affect
Pronunciation Verb

affect (affects, present participle affecting; past and past participle affected)

  1. (transitive) To influence or alter.
    Synonyms: alter, change, have an effect on, have an impact on, influence
    The experience affected me deeply.
    The heat of the sunlight affected the speed of the chemical reaction.
    • 18, Thomas Babington Macaulay, chapter 16, in The History of England from the Accession of James the Second, volume (please specify ), London: Longman, Brown, Green, and Longmans, OCLC 1069526323 ↗:
  2. (transitive) To move to emotion.
    Synonyms: move, touch
    He was deeply affected by the tragic ending of the play.
    • A consideration of the rationale of our passions seems to me very necessary for all who would affect them upon solid and pure principles.
  3. (transitive, pathology) Of an illness or condition, to infect or harm (a part of the body).
    Synonyms: attack, harm, infect
    Hepatitis affects the liver.
  4. (transitive, archaic) To dispose or incline.
    • 1649, [John] Milton, [Eikonoklastes]  […], London: Printed by Matthew Simmons,  […], OCLC 1044608640 ↗:
      men whom they thought best affected to religion and their country's liberty
  5. (transitive, archaic) To tend to by affinity or disposition.
    • The drops of every fluid affect a round figure.
  6. (transitive, archaic) To assign; to appoint.
    • One of the domestics was affected to his special service.
Translations Translations Translations Pronunciation Verb

affect (affects, present participle affecting; past and past participle affected)

  1. (transitive) To make a show of; to put on a pretence of; to feign; to assume. To make a false display of. [from 16th c.]
    to affect ignorance
    He managed to affect a smile despite feeling quite miserable.
    • Careless she is with artful care, / Affecting to seem unaffected.
    • c. 1605–1608, William Shakespeare, “The Life of Tymon of Athens”, in Mr. William Shakespeares Comedies, Histories, & Tragedies: Published According to the True Originall Copies (First Folio), London: Printed by Isaac Iaggard, and Ed[ward] Blount, published 1623, OCLC 606515358 ↗, [Act IV, scene iii]:
      Thou dost affect my manners.
  2. (obsolete, transitive) To aim for, to try to obtain. [15th-19th c.]
    • This proud man affects imperial sway.
  3. (transitive, now rare) To feel affection for (someone); to like, be fond of. [from 16th c.]
    • c. 1589, William Shakespeare, The Two Gentlemen of Verona, Act III, Scene 1,[https://en.wikisource.org/wiki/The_Two_Gentlemen_of_Verona_(Shakespeare;_First_Folio)]
      There is a Lady in Verona heere
      Whom I affect: but she is nice, and coy,
      And naught esteemes my aged eloquence.
    • 1596, Edmund Spenser, The Faerie Queene, VI.10:
      From that day forth she gan to him affect, / And daily more her favour to augment […]
    • 1624, Democritus Junior [pseudonym; Robert Burton], The Anatomy of Melancholy: […], 2nd edition, Oxford, Oxfordshire: Printed by John Lichfield and James Short, for Henry Cripps, OCLC 54573970 ↗, partition I, section 2, member 4, subsection vii:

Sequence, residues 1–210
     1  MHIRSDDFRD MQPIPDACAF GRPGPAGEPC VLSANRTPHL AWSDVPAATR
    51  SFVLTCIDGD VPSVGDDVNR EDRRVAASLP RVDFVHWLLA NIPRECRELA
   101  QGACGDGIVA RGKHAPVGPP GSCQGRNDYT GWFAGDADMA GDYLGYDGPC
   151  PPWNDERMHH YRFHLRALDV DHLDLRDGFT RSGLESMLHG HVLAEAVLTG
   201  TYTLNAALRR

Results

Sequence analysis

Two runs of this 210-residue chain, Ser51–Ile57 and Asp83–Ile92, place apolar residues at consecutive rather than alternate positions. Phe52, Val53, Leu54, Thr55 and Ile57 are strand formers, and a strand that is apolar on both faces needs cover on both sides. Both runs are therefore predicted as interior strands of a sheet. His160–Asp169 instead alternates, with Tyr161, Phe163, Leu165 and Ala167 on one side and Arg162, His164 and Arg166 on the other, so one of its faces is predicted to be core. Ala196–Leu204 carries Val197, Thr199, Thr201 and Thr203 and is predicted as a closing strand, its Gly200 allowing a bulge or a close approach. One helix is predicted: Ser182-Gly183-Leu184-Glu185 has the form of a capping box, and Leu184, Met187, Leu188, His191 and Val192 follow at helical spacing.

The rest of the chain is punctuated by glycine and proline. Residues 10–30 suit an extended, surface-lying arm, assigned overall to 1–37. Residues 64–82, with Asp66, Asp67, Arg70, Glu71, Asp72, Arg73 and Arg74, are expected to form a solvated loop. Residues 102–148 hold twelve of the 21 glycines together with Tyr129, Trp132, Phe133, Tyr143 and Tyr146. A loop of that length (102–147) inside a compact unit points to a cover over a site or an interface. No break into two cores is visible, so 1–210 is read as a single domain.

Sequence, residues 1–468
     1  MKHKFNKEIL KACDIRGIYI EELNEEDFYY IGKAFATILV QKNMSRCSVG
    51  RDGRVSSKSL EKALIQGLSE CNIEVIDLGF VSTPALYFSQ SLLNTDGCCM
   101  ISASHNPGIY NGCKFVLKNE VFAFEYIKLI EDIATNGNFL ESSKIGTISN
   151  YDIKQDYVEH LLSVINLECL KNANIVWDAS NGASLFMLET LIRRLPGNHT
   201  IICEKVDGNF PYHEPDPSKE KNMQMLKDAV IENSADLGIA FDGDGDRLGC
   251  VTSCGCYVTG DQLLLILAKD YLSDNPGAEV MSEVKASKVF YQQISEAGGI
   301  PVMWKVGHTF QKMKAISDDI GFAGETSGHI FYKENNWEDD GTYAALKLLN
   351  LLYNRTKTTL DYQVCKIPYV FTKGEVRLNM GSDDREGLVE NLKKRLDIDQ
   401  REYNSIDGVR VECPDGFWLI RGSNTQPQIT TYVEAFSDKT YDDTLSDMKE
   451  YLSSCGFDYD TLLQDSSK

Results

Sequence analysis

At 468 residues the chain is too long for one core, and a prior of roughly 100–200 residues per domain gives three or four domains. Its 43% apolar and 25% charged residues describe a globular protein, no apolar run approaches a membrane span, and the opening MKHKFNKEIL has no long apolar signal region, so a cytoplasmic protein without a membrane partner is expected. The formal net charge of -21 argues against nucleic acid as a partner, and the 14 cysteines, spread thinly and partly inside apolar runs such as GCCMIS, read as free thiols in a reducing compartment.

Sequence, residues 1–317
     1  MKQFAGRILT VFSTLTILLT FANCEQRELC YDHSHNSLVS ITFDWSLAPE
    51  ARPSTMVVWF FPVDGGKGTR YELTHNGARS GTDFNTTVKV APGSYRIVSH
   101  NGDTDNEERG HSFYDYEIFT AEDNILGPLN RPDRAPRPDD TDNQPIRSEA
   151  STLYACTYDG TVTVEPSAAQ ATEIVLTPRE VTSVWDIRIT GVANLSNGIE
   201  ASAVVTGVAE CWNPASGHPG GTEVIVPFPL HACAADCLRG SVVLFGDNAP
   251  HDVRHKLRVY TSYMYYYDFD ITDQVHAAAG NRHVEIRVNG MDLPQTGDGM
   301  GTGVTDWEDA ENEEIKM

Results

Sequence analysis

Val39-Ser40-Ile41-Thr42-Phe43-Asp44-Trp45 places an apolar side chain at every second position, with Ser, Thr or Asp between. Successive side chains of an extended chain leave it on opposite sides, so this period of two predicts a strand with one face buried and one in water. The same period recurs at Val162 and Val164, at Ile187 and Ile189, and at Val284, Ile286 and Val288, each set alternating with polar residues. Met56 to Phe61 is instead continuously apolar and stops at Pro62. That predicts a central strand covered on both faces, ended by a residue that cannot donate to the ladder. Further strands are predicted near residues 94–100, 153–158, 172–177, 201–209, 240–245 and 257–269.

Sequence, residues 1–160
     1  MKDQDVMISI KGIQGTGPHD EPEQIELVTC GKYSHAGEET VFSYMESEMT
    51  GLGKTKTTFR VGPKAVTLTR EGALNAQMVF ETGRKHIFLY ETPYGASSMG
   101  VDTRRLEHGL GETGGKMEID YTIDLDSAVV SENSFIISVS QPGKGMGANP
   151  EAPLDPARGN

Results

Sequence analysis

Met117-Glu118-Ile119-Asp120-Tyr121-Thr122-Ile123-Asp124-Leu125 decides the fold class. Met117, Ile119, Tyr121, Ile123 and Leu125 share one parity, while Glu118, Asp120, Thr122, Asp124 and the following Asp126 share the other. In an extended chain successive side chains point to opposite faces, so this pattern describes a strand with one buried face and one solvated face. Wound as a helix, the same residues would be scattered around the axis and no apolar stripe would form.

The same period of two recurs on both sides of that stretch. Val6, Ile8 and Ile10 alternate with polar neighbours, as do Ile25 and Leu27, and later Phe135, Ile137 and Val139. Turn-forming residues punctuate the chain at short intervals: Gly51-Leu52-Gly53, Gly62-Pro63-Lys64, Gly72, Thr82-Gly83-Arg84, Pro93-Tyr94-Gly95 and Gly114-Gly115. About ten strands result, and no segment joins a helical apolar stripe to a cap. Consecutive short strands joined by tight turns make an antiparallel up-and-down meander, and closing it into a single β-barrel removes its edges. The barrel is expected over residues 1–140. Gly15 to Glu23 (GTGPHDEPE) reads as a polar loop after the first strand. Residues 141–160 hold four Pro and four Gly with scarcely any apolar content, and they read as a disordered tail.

A young gentlewoman in Basil was married […] to an ancient man against her will, whom she could not affect; she was continually melancholy, and pined away for grief {{...}
    • 1655, Thomas Fuller, The Church-History of Britain, London: John Williams, Book 5, p. 173,
      As for Queen Katharine, he rather respected, then affected; rather honoured, then loved her.
    • 1663, Samuel Butler, Hudibras, part 1, canto 1:
      But when he pleased to show 't, his speech / In loftiness of sound was rich; / A Babylonish dialect, / Which learned pedants much affect.
  4. (transitive, obsolete) To show a fondness for (something); to choose. [from 16th c.]
    • 1603, John Florio, translating Michel de Montaigne, Essays, III.9:
      Amongst humane conditions this one is very common, that we are rather pleased with strange things then with our owne; we love changes, affect alterations, and like innovations.
    • c. 1607, William Shakespeare, Timon of Athens, Act I, Scene 2,
      Go, let him have a table by himself, for he does neither affect company, nor is he fit for’t, indeed.
    • 1825, William Hazlitt, “On the Conduct of life: or Advice to a schoolboy” in Table-Talk Volume II, Paris: A. & W. Galignani, p. 284,
      Do not affect the society of your inferiors in rank, nor court that of the great.
Synonyms Translations
  • Russian: люби́ть
Translations Pronunciation Noun

affect (plural affects)

  1. (obsolete) One's mood or inclination; mental state. [14th-17th c.]
  2. (obsolete) A desire, an appetite. [16th-17th c.]
  3. (psychology) A subjective feeling experienced in response to a thought or other stimulus; mood, emotion, especially as demonstrated in external physical signs. [from 19th c.]
    • 1999, Joyce Crick, translating Sigmund Freud, The Interpretation of Dreams, Oxford 2008, p. 62:
      if we are afraid of robbers in a dream, the robbers are certainly imaginary, but the fear is real. This draws our attention to the fact that the development of affects transterm Affectentwicklung in dreams is not amenable to the judgement we make of the rest of the dream-content [...].
    • 2004, Jeffrey Greenberg & Thomas A Pyszczynski, Handbook of Experimental Existential Psychology, p. 407:
      A third study demonstrated that the effects of self-affirmation on self-regulated performance were not due to positive affect.
Related terms Translations


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